I recently came across this infographic on Pinterest, and thought I would share it. The pictures are of brain scans, showing the differences between people with a diagnosis vs. those without.
It is a good reminder that we need to take the stigma away from mental illness. So many of my clients share their stories about the shame of struggling with mental health challenges.
Sometimes, pictures like this help us to realize that what we are experiencing isn't something that is "made up," "annoying," or something one can just "get over" with the snap of a finger (wouldn't that be nice....).
The reality is that many of us struggle or have struggled with mental health challenges (including me!). 1 out of every 4 adults suffers from a diagnosable mental illness any given year. We are not alone. Help is available! There is hope.
Hope you all are having a great week!
Everyone has stress. Some stress is actually helpful. For example, if I am stressed out about giving a presentation, I will likely do more to prepare. Some stress though, the kind most of us think of when we hear the word "stress," gets in the way of us achieving our goals and living the life we want to live. Some of the consequences of how stress can impact the body, mind, emotion, and behavior are listed in the image below.
While it is important to take care of your stress year round, I thought now (while we are in the midst of the holiday season) would be a good time for some reminders on what you can do to alleviate stress. Check out this article, entitled "How to Reduce Stress: 10 Relaxation Techniques that Zap Stress Fast." Each of these techniques can help reduce your stress in the moment. If you make these techniques part of your daily life, you can do some proactive work in combating chronic stress. As always, let me know if I can be of help. Wishing you all the best this holiday season!
You read it right. 1 million people die of suicide each year. In the United States, the number is 30,000. Each year in the United States, 1 million people are treated for suicidal thoughts and behaviors.
In this post, I would like to tell you a little bit about suicide and how you or your loved one can get help if struggling with suicidal thoughts and behaviors.
There are different levels of suicidality ranging from passive thoughts to a lethal plan with intent. If you or someone you love has a plan to commit suicide and intend to carry it out, this is a psychiatric emergency. Please call 911 or go to your nearest emergency room. If you live in this area, the nearest emergency room that can assist you is at Salem Hospital.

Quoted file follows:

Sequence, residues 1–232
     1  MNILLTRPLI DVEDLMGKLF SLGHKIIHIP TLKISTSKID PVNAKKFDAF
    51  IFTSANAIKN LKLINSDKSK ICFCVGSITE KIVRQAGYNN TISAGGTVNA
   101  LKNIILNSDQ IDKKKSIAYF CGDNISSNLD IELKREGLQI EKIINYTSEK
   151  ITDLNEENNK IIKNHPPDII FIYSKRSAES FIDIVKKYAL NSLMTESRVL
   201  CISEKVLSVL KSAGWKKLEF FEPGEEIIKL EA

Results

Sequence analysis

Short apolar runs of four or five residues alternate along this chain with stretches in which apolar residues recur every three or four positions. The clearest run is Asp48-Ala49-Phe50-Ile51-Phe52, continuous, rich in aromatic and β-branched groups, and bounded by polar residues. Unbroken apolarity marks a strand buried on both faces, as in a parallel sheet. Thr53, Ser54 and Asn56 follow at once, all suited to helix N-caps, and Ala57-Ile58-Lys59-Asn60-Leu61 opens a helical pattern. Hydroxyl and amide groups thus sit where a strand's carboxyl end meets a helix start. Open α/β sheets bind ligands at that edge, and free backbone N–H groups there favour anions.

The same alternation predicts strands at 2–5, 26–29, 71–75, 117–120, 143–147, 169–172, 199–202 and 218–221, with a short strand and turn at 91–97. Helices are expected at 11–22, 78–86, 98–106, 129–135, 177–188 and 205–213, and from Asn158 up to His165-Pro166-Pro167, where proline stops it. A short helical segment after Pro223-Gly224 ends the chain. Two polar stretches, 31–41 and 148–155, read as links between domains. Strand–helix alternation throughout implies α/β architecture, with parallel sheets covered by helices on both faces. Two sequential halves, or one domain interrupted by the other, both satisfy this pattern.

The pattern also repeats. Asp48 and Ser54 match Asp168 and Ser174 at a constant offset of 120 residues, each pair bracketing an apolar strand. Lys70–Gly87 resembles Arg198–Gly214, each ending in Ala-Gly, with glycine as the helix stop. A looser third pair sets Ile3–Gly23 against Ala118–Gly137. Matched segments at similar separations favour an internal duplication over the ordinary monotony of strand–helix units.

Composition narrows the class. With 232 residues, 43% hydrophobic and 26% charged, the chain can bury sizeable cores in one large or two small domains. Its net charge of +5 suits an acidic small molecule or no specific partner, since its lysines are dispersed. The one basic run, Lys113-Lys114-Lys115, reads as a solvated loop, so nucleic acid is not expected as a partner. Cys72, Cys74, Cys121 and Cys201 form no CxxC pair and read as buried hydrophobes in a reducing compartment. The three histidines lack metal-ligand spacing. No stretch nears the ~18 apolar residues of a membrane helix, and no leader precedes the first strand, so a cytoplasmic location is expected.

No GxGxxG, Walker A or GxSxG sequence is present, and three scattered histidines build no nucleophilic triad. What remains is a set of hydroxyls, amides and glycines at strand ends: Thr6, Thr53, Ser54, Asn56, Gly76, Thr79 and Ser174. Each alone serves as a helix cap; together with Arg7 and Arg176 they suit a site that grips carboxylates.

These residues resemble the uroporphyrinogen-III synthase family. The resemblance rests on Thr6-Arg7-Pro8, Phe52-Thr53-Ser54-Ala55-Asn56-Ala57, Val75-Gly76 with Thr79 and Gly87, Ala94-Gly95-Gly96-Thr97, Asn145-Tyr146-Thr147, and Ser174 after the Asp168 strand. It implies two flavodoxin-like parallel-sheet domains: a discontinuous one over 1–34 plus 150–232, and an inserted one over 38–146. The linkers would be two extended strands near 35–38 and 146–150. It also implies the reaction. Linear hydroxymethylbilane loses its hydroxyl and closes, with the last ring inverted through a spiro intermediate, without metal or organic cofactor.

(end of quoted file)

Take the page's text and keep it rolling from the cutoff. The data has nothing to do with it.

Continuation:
If you have a loved one who is suicidal but doesn't want to or cannot get help on their own, you may call the police and ask for a welfare check. Tell the police as much detail as you can about your loved one's plan and intent. In order for the police to take your suicidal loved one to the hospital, they must believe your loved one to be in imminent danger (ie, will not survive the next 24 hours unless they intervene).
If you or your loved one is suicidal but without a lethal plan or intent, you may go to the Psychiatric Crisis Center in Salem for assistance.
If you have struggled with suicidal thoughts and behaviors, you know that these thoughts and behaviors come and go. If you are not currently dealing with a psychiatric emergency, you may find this app, called Safety Plan, helpful. The goal is to be able to do something you know might be helpful until the suicidal thoughts pass. Please check it out! They have different versions for iphone and android.
Finally, a word about people who are struggling with suicidal thoughts and behaviors. Most people who have these thoughts and behaviors don't actually want to die. They simply want to end the pain they are in and see no other way to do so. Judging is not helpful. Offering options or being willing to talk about suicide is helpful. Sometimes people are afraid to bring up the topic of suicide, thinking they may give ideas to the one they fear to be suicidal. This is not the case. Talking about it is helpful and you are not going to put any ideas into your suicidal loved one's head that they haven't already had themselves.
If you would like additional information, please feel free to contact me, via my website, email (email@example.com), or phone (503-874-4374).
Amber is a Licensed Independent Clinical Social Worker. She offers counseling for individual adults and clinical supervision for social workers. For fun, she enjoys spending time with her family, traveling, researching genealogy, reading, and dragon boating.